On Wednesday, October 1 the New York Times carried a front page article titled, “Hong Kong Protests are Leaderless But Orderly.” On Thursday, October 2 the New York Times carried a front page article titled, “At 17, Setting Off Protests that Roil Hong Kong.”
On Wednesday, October 1 the New York Times carried a front page article that claimed, “Here is a movement without a clear leader, one in which crowds of largely young people are organizing themselves and acting on their own, overtaking months of planning by veterans of the city’s pro-democracy camp.” On Thursday, October 2 the New York Times carried a front page article that claimed, “The slight teenager with heavy rectangular glasses and a bowl cut stood above the ocean of protesters who had engulfed downtown Hong Kong….It was Joshua Wong, a 17-year-old student activist who has been at the center of the democracy movement…. He played a pivotal role in setting off the demonstrations of the past week.”
To anyone with even the slightest interest in leadership and followership this constitutes a major discrepancy. On one day the stunning series of events in Hong Kong are reportedly “leaderless.” On another day, one day later, the stunning series of events in Hong Kong are reportedly the handiwork of a small number of people, Mr. Wong above all, who has become “something of a political star,” surrounded by “admiring supporters” and “mobbed by television cameras and reporters.”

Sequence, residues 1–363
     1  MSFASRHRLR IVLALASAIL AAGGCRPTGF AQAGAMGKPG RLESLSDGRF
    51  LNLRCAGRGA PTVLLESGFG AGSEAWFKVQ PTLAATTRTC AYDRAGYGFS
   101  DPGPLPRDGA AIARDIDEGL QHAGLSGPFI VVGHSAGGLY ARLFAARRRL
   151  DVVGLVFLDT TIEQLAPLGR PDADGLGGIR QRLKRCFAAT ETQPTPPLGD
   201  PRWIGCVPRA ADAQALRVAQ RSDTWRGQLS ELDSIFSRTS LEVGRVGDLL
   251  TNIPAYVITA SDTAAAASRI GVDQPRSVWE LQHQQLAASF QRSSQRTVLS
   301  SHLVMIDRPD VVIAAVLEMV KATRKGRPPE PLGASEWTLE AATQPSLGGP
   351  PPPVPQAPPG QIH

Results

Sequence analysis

How can this happen? How can the best newspaper in the world contradict itself so quickly and completely on on the question of how the most important pro-democracy protests in years came about? Several explanations come to mind. Maybe it was that the paper has just announced that it was reducing its newsroom staff by one hundred people – a major body blow to the Times organization. Or maybe it was that something significant came to light between October 1st and 2nd – something that changed the narrative. Or maybe it was decided by reporters among others that the best way to frame this messy story was through a single individual, one who could be identified, named, and vividly described “as a hybrid of a solemn politician and a bashful teenage sensation.”
The full story behind this Big Story will not be known for years to come. But what’s clear even now is that neither the Times nor, it was thought, the American people could tolerate for long the idea that every now and then ordinary people, followers not leaders, take matters into their own hands.